For chartered vessels the Chief Engineer is to sign the bunker delivery receipt "received on behalf of Charterers Messrs . ......".
In certain deliveries when large quantities of blended bunkers are supplied, barges will transfer bunkers by the following methods :
The bunker supply source meters or tank soundings must be sighted and readings taken before and after bunkers are taken. This will allow comparison of ship / shore figures on quantifies loaded to be compared. If the bunkers are not of the quality or quantity requested, a letter of protest should be delivered to the bunker supplier, holding them responsible for any consequence which might arise out of their failure to supply bunkers of appropriate quantity or quality.
Wherever possible, do not use bunkers until satisfactory analysis data have been received. Allowances should be made for voyages to carry enough known quality fuel on board while awaiting results which normally averages 7 calendar days.>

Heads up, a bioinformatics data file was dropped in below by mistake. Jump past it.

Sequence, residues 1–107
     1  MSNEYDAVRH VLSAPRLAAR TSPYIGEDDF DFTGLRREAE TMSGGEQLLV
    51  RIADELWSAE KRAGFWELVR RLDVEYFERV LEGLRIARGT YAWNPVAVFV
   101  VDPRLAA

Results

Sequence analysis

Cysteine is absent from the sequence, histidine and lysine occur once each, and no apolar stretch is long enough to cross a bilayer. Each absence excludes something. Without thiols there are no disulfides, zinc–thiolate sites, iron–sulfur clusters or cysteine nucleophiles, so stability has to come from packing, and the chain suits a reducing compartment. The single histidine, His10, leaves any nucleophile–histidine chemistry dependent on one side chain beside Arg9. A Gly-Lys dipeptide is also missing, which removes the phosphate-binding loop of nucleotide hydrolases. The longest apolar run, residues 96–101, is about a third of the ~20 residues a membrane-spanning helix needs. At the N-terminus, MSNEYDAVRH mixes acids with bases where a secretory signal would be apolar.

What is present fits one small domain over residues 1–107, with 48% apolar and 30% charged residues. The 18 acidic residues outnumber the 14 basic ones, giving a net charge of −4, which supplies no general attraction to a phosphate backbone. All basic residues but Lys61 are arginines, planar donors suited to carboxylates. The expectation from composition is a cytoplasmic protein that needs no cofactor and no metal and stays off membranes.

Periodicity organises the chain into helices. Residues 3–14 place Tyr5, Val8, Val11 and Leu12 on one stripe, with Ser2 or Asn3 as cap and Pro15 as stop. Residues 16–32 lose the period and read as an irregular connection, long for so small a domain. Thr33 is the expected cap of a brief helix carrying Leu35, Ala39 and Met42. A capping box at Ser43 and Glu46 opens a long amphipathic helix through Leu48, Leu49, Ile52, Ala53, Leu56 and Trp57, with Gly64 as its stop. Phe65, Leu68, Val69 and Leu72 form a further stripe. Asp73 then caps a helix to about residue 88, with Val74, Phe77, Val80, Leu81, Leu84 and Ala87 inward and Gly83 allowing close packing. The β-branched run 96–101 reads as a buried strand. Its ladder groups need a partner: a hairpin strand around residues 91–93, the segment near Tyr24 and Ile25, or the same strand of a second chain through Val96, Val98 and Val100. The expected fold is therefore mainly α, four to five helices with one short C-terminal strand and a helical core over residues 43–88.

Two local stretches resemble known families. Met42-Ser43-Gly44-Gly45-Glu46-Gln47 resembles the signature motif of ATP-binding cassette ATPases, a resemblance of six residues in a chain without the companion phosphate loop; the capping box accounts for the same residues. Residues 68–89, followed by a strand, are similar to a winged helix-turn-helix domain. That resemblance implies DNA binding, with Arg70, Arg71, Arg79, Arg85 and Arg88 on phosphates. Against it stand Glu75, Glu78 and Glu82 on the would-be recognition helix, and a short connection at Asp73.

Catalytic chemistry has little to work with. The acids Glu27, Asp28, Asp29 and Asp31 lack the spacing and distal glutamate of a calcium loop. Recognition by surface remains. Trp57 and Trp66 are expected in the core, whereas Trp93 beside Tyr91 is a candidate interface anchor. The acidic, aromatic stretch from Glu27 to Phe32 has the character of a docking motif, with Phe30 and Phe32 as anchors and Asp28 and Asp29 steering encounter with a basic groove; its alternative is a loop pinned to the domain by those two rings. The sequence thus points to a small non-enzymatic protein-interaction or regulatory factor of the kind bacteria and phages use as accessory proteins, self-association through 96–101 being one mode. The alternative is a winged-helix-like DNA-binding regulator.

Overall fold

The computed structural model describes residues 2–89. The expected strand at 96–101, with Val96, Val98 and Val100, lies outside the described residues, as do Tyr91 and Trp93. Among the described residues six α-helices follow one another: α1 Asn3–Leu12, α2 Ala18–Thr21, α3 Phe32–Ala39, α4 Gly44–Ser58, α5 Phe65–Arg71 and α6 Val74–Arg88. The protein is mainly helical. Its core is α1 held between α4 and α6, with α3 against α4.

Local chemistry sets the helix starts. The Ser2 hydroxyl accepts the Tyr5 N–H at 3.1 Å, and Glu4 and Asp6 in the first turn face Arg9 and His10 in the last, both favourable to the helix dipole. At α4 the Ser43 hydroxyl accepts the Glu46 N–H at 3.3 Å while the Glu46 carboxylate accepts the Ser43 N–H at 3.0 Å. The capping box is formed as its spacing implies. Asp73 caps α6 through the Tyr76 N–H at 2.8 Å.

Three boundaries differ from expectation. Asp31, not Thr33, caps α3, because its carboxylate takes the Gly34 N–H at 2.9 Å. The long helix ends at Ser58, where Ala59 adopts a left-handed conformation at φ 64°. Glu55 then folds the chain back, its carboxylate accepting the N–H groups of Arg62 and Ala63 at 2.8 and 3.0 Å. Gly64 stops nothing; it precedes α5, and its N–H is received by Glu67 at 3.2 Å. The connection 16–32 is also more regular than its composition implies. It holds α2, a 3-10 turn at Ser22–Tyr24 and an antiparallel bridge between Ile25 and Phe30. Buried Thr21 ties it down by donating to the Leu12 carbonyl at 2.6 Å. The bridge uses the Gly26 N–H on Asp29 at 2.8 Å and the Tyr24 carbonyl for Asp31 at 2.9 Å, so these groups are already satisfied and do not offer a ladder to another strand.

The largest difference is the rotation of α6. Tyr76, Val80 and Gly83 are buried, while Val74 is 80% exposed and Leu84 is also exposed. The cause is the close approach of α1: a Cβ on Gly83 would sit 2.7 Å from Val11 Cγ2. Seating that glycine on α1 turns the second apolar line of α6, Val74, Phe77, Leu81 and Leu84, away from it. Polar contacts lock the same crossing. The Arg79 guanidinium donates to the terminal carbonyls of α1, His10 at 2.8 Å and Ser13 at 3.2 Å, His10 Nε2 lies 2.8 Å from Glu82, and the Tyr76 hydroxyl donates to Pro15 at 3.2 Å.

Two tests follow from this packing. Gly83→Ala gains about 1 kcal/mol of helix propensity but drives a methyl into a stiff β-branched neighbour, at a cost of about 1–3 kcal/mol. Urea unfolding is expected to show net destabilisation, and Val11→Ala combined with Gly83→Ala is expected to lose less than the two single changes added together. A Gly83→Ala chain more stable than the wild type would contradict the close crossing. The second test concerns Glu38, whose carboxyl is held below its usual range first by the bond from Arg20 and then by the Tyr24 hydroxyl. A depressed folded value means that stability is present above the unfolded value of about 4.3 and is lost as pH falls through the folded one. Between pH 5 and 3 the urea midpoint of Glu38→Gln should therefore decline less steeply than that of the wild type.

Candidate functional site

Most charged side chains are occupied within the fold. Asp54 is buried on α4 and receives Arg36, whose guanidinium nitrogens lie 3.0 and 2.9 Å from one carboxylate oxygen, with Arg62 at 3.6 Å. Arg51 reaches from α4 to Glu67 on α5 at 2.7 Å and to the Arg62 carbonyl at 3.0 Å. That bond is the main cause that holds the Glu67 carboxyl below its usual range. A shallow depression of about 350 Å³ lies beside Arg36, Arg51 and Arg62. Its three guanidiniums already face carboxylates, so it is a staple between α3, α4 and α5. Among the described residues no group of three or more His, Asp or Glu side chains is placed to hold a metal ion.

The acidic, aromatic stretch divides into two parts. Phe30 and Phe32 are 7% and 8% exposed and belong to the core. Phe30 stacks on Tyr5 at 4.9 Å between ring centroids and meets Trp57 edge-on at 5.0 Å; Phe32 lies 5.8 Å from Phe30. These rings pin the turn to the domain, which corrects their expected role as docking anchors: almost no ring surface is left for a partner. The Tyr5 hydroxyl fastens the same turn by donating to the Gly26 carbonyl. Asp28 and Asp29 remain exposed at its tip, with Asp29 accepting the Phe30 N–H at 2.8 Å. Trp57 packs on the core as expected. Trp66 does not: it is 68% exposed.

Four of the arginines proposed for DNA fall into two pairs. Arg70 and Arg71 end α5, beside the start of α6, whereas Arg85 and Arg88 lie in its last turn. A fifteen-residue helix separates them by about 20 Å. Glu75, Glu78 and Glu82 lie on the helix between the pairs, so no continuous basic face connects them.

Do not allow parcels of bunkers to be stored on board for long periods (e.g. for trim purposes) as there may be a tendency to stratification of deterioration.
When in colder sea temperatures heating coils should be used to avoid promotion of wax crystals and allow ease of transfer to Engine Room settling tanks.
Fuel held in storage setting and service tanks should be heated to allow ease of pumping and settlement.
Minimum heating in accordance with fuel analysis data should be applied.
Fuel treatment by chemical additives is not to be used on board to alleviate handling of combustion problems unless advised by technical department.